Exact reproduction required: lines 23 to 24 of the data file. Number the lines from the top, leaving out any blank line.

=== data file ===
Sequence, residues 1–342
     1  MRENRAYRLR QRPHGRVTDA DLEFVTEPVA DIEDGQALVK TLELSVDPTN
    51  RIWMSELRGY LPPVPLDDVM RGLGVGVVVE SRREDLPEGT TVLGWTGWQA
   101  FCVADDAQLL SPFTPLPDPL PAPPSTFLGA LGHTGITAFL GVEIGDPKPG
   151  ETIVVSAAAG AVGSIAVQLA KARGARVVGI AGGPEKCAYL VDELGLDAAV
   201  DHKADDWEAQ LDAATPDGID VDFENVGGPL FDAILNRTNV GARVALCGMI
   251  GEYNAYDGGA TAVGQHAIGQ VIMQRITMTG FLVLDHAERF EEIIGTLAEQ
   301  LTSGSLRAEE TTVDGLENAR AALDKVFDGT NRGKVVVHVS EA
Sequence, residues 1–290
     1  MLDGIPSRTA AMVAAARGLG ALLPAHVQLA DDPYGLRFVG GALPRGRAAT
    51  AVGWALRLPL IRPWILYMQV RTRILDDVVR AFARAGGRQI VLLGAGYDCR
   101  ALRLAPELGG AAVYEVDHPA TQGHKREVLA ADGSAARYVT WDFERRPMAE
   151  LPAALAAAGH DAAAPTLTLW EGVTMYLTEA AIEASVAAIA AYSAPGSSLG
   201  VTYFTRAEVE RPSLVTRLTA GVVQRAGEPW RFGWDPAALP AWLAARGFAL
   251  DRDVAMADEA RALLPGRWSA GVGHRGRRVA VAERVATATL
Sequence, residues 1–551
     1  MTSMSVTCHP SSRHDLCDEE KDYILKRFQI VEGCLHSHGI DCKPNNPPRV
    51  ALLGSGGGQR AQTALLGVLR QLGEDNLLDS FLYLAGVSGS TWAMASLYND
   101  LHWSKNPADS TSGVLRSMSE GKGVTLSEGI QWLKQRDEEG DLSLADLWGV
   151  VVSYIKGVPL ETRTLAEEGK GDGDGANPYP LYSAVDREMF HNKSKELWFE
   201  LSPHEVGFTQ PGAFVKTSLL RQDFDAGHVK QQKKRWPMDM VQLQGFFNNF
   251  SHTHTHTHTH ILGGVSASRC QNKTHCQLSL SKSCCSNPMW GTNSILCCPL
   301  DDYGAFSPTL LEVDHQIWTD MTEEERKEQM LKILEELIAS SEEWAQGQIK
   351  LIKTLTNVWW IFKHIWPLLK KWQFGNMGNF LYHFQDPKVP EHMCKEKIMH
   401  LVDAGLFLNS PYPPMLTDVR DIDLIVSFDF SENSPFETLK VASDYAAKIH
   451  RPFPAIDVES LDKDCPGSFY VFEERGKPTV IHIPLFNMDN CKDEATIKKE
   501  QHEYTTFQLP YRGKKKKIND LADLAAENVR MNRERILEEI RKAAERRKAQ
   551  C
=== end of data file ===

   301  DDYGAFSPTL LEVDHQIWTD MTEEERKEQM LKILEELIAS SEEWAQGQIK
   351  LIKTLTNVWW IFKHIWPLLK KWQFGNMGNF LYHFQDPKVP EHMCKEKIMH